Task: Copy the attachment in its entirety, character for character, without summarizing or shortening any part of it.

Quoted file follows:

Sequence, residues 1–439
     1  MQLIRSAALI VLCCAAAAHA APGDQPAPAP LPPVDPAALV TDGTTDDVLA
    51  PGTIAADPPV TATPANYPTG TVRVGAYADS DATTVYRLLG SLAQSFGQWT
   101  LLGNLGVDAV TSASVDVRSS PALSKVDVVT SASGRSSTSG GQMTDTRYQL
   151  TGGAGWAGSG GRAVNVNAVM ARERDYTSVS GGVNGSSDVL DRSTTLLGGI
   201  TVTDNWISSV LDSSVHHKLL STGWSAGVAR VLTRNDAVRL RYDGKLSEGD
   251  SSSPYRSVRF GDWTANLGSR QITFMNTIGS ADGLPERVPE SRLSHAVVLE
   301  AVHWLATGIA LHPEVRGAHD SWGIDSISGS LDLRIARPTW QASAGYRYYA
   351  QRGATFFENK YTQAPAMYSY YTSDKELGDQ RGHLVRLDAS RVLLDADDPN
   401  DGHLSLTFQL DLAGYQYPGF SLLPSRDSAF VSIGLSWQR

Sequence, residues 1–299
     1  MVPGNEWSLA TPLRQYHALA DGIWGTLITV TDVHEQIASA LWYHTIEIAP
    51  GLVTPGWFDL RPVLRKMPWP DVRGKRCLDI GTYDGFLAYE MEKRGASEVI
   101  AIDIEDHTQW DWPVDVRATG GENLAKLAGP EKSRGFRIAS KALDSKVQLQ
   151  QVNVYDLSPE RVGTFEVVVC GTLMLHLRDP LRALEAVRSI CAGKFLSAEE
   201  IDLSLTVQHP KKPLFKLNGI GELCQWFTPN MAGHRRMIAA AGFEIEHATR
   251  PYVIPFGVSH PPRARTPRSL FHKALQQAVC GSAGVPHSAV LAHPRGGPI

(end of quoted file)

Sequence, residues 1–439
     1  MQLIRSAALI VLCCAAAAHA APGDQPAPAP LPPVDPAALV TDGTTDDVLA
    51  PGTIAADPPV TATPANYPTG TVRVGAYADS DATTVYRLLG SLAQSFGQWT
   101  LLGNLGVDAV TSASVDVRSS PALSKVDVVT SASGRSSTSG GQMTDTRYQL
   151  TGGAGWAGSG GRAVNVNAVM ARERDYTSVS GGVNGSSDVL DRSTTLLGGI
   201  TVTDNWISSV LDSSVHHKLL STGWSAGVAR VLTRNDAVRL RYDGKLSEGD
   251  SSSPYRSVRF GDWTANLGSR QITFMNTIGS ADGLPERVPE SRLSHAVVLE
   301  AVHWLATGIA LHPEVRGAHD SWGIDSISGS LDLRIARPTW QASAGYRYYA
   351  QRGATFFENK YTQAPAMYSY YTSDKELGDQ RGHLVRLDAS RVLLDADDPN
   401  DGHLSLTFQL DLAGYQYPGF SLLPSRDSAF VSIGLSWQR

Sequence, residues 1–299
     1  MVPGNEWSLA TPLRQYHALA DGIWGTLITV TDVHEQIASA LWYHTIEIAP
    51  GLVTPGWFDL RPVLRKMPWP DVRGKRCLDI GTYDGFLAYE MEKRGASEVI
   101  AIDIEDHTQW DWPVDVRATG GENLAKLAGP EKSRGFRIAS KALDSKVQLQ
   151  QVNVYDLSPE RVGTFEVVVC GTLMLHLRDP LRALEAVRSI CAGKFLSAEE
   201  IDLSLTVQHP KKPLFKLNGI GELCQWFTPN MAGHRRMIAA AGFEIEHATR
   251  PYVIPFGVSH PPRARTPRSL FHKALQQAVC GSAGVPHSAV LAHPRGGPI